Alex Webb
Bloomberg News

Siemens AG’s chief executive officer said Europe’s largest engineering company will eliminate at least 11,600 positions as it cuts about 1 billion euros ($1.34 billion) in costs.

The positions include 7,600 that will go as the company streamlines and creates a new divisional structure, plus 4,000 people working in superfluous positions for regional clusterings of countries, CEO Joe Kaeser told analysts and investors in a webcast conference from New York today. Some of the employees will be assigned other roles, he said.

“A certain amount of people do stuff for co-ordinating things, analyzing things,” said Kaeser. “About 20 percent of those we believe can be put to work elsewhere, but not there. They can be taken out of the system because the work goes away.”

Kaeser, who was previously chief financial officer at Munich-based Siemens, started a strategy review soon after becoming CEO in August as he sought to rebuild investor confidence following missed profit targets under predecessor Peter Loescher. The resulting plan, revealed this month, will establish nine divisions to replace the company’s previous structure around four sectors.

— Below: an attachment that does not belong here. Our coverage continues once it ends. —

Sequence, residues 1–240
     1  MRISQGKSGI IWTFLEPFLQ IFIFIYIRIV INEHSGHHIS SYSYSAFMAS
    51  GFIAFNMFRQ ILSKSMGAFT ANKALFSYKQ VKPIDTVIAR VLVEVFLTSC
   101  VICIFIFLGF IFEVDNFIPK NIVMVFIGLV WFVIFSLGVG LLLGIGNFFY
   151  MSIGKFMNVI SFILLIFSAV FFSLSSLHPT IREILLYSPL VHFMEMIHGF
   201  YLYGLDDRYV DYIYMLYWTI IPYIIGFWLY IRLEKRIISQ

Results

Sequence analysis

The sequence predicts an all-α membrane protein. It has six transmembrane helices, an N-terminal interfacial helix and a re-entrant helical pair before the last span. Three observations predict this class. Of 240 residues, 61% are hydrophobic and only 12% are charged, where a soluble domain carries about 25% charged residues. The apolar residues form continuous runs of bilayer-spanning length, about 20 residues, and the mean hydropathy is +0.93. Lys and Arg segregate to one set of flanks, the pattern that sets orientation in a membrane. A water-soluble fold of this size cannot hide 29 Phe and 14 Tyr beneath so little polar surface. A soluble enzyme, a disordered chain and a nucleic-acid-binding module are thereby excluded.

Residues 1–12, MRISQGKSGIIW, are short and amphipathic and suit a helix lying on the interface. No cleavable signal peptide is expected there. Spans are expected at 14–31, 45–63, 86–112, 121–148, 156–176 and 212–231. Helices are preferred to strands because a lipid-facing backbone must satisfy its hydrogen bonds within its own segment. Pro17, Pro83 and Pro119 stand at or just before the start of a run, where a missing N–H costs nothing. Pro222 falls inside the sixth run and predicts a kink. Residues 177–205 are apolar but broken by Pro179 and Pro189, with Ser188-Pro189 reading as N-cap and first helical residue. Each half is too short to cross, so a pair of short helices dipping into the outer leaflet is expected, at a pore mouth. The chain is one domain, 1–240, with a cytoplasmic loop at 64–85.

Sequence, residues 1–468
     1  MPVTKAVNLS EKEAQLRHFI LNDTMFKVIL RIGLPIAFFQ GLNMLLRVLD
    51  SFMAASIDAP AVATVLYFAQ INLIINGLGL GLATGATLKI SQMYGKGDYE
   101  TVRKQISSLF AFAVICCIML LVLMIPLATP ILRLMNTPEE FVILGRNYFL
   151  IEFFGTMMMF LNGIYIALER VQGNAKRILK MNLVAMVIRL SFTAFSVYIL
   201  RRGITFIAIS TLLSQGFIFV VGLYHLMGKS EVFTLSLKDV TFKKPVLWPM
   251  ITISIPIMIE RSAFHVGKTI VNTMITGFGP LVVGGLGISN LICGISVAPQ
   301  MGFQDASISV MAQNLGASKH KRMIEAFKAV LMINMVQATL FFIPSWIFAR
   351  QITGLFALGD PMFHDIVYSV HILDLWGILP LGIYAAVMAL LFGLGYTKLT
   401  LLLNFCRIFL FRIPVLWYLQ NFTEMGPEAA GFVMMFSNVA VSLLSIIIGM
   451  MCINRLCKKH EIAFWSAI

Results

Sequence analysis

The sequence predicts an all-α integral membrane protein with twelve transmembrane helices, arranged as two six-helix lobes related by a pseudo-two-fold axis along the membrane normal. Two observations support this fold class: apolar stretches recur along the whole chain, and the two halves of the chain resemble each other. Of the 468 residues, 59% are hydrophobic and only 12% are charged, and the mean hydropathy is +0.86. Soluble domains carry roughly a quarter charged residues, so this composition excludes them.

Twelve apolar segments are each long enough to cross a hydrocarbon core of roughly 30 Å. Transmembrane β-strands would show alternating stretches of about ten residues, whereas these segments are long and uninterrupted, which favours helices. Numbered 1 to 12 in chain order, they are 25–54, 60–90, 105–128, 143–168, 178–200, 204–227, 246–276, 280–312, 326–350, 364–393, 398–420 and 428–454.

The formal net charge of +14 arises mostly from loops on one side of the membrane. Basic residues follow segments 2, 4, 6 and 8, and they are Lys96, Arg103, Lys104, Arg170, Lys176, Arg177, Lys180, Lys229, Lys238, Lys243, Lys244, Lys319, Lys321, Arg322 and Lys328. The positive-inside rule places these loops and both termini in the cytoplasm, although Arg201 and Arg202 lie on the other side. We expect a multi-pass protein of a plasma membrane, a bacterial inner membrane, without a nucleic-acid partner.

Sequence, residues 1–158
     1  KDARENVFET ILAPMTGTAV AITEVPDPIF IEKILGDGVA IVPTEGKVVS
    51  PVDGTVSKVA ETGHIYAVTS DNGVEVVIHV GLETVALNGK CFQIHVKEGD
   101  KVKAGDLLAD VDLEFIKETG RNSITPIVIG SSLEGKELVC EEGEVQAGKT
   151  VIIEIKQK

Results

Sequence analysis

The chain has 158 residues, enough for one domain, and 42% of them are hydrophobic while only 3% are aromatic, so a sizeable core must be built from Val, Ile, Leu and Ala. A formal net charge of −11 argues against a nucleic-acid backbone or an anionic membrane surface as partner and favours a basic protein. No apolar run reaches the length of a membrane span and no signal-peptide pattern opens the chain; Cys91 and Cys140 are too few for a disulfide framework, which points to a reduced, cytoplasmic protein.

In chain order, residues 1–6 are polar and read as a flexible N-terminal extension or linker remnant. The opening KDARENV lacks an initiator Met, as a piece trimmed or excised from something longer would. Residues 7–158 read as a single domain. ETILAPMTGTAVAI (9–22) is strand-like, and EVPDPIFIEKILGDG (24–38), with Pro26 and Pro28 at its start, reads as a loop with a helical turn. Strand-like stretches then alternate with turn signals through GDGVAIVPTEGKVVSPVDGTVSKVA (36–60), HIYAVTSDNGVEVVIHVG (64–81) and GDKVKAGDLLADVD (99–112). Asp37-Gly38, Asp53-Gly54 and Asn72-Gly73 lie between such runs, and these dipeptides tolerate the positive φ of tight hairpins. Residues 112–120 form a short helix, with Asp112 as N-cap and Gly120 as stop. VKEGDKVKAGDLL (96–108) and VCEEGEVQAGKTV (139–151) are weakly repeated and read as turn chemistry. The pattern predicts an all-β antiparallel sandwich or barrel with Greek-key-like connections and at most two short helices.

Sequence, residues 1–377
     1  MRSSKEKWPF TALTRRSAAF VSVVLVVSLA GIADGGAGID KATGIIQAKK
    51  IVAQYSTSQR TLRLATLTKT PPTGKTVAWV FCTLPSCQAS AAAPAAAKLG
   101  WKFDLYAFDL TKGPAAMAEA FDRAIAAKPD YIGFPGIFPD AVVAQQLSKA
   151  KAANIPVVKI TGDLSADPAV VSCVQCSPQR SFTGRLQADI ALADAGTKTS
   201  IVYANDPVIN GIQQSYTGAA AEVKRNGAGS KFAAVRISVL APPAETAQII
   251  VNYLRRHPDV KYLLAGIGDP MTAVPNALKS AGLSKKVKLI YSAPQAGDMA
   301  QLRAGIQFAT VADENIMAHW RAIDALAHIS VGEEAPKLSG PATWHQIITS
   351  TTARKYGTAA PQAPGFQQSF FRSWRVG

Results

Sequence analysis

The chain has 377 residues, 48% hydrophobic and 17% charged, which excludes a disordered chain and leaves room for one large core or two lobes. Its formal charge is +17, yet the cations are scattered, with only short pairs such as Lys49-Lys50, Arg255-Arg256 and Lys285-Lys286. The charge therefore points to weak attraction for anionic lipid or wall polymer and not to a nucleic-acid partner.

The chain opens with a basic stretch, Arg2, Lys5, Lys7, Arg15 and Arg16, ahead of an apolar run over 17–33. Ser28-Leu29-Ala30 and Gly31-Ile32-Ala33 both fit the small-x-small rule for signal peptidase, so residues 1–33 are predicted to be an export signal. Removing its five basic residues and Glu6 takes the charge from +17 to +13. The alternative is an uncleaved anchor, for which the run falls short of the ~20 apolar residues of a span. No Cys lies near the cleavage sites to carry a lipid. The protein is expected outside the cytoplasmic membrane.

Health Care

At the time, Kaeser also said the 167-year-old company would focus on electrification, automation and digitalization, and its health-care operations would be managed separately. The new setup will cut about 1 billion euros from costs by the end of 2016, Siemens estimates.

“We do not intend to sell the health-care business but we are flexible in being prepared for anything that comes along,” Kaeser said today. He added that Siemens has invested too much in acquisitions in health-care diagnostics, which include the 2007 takeover of Dade Behring Holdings Inc. for $7 billion.

General Electric Co. is competing with Siemens to buy the energy assets of France’s Alstom SA. Fairfield, Connecticut- based GE has offered $17 billion for the maker of France’s power grid. Siemens has said it plans to present an official bid by June 16.

Alstom has “a good installed base in gas and in steam turbines,” Kaeser said today. The CEO said he’s keen to find more deals like Siemens agreement this month to buy most of Rolls-Royce Inc.’s energy assets for $1.3 billion.